††††††††††† In August 2002, respondent filed a complaint alleging conversion, unjust enrichment, and account stated.† Respondent moved for summary judgment on all three counts in November 2003.† The district court refused to consider appellantís reply brief and documentation because both were untimely.† Appellant appeared for a summary judgment hearing on December 16, 2003.† The district court ordered appellant to return the computers by 2:30 p.m. on December 17, 2003.† Appellant failed to return all the computers, and respondent moved to find appellant in contempt.† The district court found that appellant was in contempt and entered a partial judgment awarding respondent attorney fees on January 15, 2004.

By order dated January 5, 2004, the district court dismissed respondentís conversion claim, denied respondentís motion for summary judgment with respect to the account-stated claim, and granted partial summary judgment as a matter of law on respondentís unjust-enrichment claim.† Shortly thereafter, respondent stipulated to a dismissal of the account-stated claim.† The district court held a jury trial on the issue of damages arising from appellantís unjust enrichment on June 2, 2004.† The jury returned a verdict awarding respondent $7,500.† The district court entered final judgment on July 12, 2004.† This appeal follows.

Respondent moved to dismiss this appeal on October 1, 2004.† By order dated November 16, 2004, this court concluded that appellant voluntarily satisfied the January 15, 2004 partial judgment awarding attorney fees without reserving the issue for appeal and dismissed the part of this appeal related to that judgment.†

D E C I S I O N

I

 

††††††††††† Appellant challenges the district courtís refusal to consider his responsive brief and materials prior to its award of partial summary judgment on respondentís unjust-enrichment claim, arguing that the materials were timely filed.† A district courtís decision to sanction a party for failure to properly serve or file a dispositive motion will be upheld absent an abuse of the district courtís discretion.† Minn. R. Gen. Pract. 115.06.†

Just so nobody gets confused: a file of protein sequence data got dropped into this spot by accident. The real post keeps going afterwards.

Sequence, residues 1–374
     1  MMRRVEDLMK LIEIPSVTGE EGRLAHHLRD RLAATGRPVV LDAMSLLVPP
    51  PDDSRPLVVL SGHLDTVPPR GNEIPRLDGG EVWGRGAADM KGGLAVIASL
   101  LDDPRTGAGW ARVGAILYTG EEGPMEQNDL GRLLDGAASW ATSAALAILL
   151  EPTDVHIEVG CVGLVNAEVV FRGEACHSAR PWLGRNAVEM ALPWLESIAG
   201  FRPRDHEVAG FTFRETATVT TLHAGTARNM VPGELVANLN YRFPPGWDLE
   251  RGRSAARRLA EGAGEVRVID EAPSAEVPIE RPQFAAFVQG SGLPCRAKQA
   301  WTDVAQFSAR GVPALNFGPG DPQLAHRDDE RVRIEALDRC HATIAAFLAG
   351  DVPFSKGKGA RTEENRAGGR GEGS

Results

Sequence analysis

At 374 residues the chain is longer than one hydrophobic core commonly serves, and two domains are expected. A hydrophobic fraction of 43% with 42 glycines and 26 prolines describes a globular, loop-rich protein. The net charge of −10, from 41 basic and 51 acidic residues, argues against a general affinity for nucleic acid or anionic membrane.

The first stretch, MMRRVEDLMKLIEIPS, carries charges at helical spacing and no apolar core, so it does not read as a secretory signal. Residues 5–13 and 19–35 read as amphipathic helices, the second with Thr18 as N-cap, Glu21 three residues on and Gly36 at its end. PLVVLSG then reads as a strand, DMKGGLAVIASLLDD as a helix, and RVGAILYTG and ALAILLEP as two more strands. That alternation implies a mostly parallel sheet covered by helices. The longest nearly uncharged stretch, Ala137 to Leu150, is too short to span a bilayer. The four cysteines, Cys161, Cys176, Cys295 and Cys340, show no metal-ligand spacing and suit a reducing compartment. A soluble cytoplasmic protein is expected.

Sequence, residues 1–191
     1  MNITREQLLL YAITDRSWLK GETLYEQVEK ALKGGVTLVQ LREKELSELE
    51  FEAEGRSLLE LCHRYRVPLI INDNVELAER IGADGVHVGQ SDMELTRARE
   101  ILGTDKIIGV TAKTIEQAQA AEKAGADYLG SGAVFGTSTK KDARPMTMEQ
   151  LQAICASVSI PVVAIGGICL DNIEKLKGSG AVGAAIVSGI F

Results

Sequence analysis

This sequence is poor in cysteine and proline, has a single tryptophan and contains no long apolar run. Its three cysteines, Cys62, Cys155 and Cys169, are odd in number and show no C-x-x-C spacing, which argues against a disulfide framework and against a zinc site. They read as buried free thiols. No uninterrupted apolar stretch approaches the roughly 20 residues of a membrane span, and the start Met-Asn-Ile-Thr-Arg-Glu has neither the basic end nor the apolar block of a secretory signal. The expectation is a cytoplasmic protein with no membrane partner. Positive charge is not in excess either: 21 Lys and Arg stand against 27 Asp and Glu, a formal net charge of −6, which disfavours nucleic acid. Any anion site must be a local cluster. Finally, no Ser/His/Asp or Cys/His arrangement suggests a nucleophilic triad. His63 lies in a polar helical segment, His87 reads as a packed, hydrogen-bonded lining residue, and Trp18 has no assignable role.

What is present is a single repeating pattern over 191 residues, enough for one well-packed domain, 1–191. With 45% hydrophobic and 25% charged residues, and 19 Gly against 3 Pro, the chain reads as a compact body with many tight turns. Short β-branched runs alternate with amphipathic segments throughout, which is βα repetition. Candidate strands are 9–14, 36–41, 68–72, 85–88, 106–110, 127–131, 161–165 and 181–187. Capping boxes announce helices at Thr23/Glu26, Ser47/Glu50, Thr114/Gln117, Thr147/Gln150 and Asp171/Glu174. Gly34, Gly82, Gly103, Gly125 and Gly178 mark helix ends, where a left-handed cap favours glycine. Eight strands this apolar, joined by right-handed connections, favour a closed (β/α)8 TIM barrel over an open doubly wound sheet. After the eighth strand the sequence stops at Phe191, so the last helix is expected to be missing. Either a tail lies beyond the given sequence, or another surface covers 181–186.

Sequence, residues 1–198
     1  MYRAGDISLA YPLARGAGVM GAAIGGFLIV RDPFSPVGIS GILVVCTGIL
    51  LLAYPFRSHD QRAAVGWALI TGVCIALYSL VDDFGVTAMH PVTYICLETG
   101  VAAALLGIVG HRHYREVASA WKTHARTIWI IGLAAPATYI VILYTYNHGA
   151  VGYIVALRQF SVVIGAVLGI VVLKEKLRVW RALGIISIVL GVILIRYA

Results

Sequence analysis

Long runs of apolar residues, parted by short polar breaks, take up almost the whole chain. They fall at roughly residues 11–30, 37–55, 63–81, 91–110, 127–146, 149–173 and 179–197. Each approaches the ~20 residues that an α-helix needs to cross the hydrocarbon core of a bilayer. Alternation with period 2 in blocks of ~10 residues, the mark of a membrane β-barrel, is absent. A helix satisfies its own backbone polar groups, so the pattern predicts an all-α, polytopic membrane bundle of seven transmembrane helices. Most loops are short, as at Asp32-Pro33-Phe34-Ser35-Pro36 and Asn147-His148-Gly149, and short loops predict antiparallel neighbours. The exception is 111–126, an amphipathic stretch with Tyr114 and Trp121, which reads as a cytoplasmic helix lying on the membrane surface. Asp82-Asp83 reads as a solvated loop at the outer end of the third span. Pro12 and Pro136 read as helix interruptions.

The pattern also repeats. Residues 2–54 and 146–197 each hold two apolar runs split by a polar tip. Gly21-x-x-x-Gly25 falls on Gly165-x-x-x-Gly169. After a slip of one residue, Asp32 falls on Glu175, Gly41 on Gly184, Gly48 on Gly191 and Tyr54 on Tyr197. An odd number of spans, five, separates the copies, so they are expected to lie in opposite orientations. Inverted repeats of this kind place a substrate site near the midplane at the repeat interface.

Appellantís responsive documents were untimely filed.† Respondent served its motion for summary judgment upon appellant after 5:00 p.m. on November 18, 2003.† The summary judgment hearing was scheduled for December 16, 2003.† Appellant was therefore required to serve and file his responsive documents no later than December 8, 2003, eight days prior to the hearing.† See Minn. R. Gen. Pract 115.03(b); Minn. R. Civ. P. 6.05.† The district courtís file stamp reflects that appellantís responsive documents were filed on December 9, 2003.† Appellantís affidavit is dated December 9, 2003.† Because appellant did not timely file his responsive documents, the district court did not abuse its discretion by refusing to consider them.†

II

††††††††††† Appellant next argues that the district court erred by granting partial summary judgment on respondentís unjust-enrichment claim.† In an appeal from summary judgment, this court reviews two determinations: whether a genuine issue of material fact exists, and whether an error in the application of law occurred.† Offerdahl v. Univ. of Minn. Hosps. & Clinics, 426 N.W.2d 425, 427 (Minn. 1998).† This court reviews the evidence in the light most favorable to the non-moving party without deferring to the district courtís application of the law.† Id.† Summary judgment is proper ďwhen the nonmoving party fails to provide the court with specific indications that there is a genuine issue of fact.Ē† Thiele v. Stitch, 425 N.W.2d 580, 583 (Minn. 1988).††